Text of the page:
My two-year anniversary with Senegal has come and gone. Senegal is that [semi] francophone country in West Africa with great beaches, awesome fashion, and tons of problems. While I rant, rave and complain more than is probably tolerable, my life in Senegal is not all bad. In fact, Dakar has shaped the course of my life personally, professionally, and on the most basic human level. Living in Senegal has pushed me to evaluate what’s important in my life and how far I’m willing to bend to accommodate other people and their ideas.
I don’t think anyone in the States — or here for that matter — would call me easygoing. But Senegal makes me flexible par force. Buses never come when I’m in the biggest rush; the most urgent tasks are always handled by the slowest worker; the power tends to cut when I need it most. Yet, life goes on. I know this, but Senegal makes me accept this; otherwise the Dakar mayhem would drive me crazy after a single week.
That’s the thing about living abroad: You learn your limits. Quickly. I lived rent-free in a fancy villa…with no running water for six months straight during the hottest months of the year. I did not sign up for Peace Corps for a reason. I’m not into rural life or roughing it. I chose to work for a reputable NGO in the “Paris of West Africa”. (Although, that comparison is a stretch even on the best of days.) Having no running water for that long was exhausting and less-than-sanitary, but I survived. I was resourceful, relied on others, and knew there was always someone worse off than me—such as those hundreds of people whose offices didn’t magically deliver bottles of water in their corridors every few days like mine did.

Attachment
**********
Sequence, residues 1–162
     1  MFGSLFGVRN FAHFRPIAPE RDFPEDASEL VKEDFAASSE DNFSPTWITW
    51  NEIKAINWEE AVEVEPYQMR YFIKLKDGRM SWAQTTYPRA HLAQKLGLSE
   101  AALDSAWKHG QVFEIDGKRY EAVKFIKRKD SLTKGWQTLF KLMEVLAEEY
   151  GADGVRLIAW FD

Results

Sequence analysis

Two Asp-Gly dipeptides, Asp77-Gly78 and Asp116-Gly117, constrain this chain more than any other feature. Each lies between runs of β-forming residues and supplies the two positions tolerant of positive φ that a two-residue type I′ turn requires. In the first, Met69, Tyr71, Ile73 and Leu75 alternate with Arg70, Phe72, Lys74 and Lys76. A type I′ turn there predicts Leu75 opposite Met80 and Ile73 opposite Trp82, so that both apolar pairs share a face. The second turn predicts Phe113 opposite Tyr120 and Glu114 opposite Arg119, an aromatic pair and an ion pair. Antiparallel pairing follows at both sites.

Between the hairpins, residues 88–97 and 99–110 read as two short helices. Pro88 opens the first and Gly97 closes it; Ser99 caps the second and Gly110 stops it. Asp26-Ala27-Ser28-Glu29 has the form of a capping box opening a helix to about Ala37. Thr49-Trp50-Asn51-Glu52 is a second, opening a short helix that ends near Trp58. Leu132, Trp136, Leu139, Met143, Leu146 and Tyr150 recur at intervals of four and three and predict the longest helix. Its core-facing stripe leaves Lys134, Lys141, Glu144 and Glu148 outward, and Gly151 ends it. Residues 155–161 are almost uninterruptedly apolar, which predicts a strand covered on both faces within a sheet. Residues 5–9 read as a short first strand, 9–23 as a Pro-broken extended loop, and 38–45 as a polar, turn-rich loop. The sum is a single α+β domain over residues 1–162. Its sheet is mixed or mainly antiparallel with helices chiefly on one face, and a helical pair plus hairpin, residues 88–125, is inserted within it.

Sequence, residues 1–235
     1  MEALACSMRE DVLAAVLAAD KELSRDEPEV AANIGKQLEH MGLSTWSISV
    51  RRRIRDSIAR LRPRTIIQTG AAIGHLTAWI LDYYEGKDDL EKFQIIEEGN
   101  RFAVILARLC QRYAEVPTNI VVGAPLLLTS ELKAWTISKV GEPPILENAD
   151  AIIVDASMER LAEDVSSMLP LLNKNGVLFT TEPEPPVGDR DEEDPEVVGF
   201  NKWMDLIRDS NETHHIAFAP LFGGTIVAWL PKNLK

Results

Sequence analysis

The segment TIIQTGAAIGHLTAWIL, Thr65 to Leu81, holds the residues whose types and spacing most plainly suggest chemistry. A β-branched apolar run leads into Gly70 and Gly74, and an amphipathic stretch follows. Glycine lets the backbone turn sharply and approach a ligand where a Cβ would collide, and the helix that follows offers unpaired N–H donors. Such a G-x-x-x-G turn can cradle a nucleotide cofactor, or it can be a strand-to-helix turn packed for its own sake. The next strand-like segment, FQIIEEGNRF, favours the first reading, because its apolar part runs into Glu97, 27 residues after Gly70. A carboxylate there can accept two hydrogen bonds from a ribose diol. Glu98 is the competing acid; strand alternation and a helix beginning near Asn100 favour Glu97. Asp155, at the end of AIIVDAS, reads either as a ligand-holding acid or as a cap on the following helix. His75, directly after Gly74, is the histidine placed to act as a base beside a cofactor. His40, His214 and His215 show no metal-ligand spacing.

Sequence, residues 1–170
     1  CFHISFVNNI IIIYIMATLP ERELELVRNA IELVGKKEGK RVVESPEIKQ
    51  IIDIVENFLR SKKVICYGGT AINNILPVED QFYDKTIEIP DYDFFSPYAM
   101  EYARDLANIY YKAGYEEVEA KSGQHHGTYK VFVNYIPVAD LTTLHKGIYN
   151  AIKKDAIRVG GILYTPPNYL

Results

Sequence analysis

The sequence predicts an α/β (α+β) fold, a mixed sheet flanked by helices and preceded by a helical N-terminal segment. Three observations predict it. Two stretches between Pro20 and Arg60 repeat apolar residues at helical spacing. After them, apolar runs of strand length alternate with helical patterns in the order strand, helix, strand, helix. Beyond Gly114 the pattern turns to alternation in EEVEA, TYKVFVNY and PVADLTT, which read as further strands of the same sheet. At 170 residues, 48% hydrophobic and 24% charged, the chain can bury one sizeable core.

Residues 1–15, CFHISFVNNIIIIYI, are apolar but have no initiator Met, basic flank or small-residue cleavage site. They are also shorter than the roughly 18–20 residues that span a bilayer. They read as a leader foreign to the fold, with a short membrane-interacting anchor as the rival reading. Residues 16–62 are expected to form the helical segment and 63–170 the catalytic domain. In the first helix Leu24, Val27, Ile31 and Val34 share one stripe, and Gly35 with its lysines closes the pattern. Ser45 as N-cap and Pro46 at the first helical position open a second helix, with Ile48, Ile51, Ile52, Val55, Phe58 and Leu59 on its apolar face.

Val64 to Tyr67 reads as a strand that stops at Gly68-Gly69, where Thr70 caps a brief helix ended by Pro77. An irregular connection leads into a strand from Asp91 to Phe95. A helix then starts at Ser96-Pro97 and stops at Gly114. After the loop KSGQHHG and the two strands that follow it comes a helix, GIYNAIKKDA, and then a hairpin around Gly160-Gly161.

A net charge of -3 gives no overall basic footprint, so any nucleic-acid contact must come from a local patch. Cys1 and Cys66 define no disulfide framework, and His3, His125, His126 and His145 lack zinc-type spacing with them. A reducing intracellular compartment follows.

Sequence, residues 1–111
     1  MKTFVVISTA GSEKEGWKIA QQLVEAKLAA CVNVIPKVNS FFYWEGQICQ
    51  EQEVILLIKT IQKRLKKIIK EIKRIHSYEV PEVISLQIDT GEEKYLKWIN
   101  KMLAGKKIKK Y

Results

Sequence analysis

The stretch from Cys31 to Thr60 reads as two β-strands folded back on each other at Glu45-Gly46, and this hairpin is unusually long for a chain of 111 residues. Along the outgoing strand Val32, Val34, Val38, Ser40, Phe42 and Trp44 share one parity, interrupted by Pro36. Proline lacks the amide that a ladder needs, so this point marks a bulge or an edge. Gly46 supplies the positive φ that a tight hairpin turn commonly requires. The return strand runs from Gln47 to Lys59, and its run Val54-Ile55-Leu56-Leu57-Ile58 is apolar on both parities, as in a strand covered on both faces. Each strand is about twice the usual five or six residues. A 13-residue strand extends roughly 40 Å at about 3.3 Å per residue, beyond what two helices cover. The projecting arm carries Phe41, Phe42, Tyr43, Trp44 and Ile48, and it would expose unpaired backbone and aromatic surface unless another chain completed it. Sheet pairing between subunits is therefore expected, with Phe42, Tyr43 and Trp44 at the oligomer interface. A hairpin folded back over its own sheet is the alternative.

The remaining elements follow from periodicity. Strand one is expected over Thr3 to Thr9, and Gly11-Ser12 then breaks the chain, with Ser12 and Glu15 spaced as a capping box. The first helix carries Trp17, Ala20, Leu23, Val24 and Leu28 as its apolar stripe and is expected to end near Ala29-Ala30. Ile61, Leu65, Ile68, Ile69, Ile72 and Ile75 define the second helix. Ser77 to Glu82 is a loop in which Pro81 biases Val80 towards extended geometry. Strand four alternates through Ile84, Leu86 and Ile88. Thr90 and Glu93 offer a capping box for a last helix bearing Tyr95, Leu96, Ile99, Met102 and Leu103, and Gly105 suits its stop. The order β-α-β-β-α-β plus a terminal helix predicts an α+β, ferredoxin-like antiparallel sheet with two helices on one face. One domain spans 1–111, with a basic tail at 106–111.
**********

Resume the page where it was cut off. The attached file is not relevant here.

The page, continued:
I also learned — and continue to struggle with — my limits with people. Cultural ideas and norms are imposed upon me and I generally take them in stride. (I am in their country, after all.) But some days, depending on my mood, how hot it is, and any number of other factors, I just can’t. That’s right, stay far away. Don’t try to joke with me. Do NOT yell “Toubab,” or “Mademoiselle Dakar”, or any other sexist, racist catcall you may have the urge to throw at me. Other days, the marketplace haggling is actually fun. The Wolof conversation with the taxi driver helps pass the time. The person next to me on the bus makes a funny remark and I remember that these small human connections are what make the world go round. I constantly remind myself that just because someone is rude or short-tempered doesn’t give me the right to react the same way. (For better or worse, Senegal brings out my fiery side that never existed in the States.) Everyone has their own personal battles. We’re all just people trying to live our lives as best we can.
Being in Senegal has taught me a little something about generosity and made me realize how selfish I am. Countless strangers have paid for my bus fare, friends offer me random gifts, neighbors serve me a cold glass of juice just because I stop by their house. They ask — and expect — nothing in return. All the while, I make sure the fruit guy doesn’t rip me off for 50 CFA (10 cents) or I haggle the taxi down a couple hundred CFA for “the principle of the matter.” Dakar is simultaneously poor and expensive with the average person struggling to get by. When surrounded by such poverty and bombarded daily by beggars in the street, it becomes easier to ignore it all than to help those you can when you can. If I take away one thing from Senegalese people, it’s to always be generous and give what you’re able to—it’ll find a way back to you.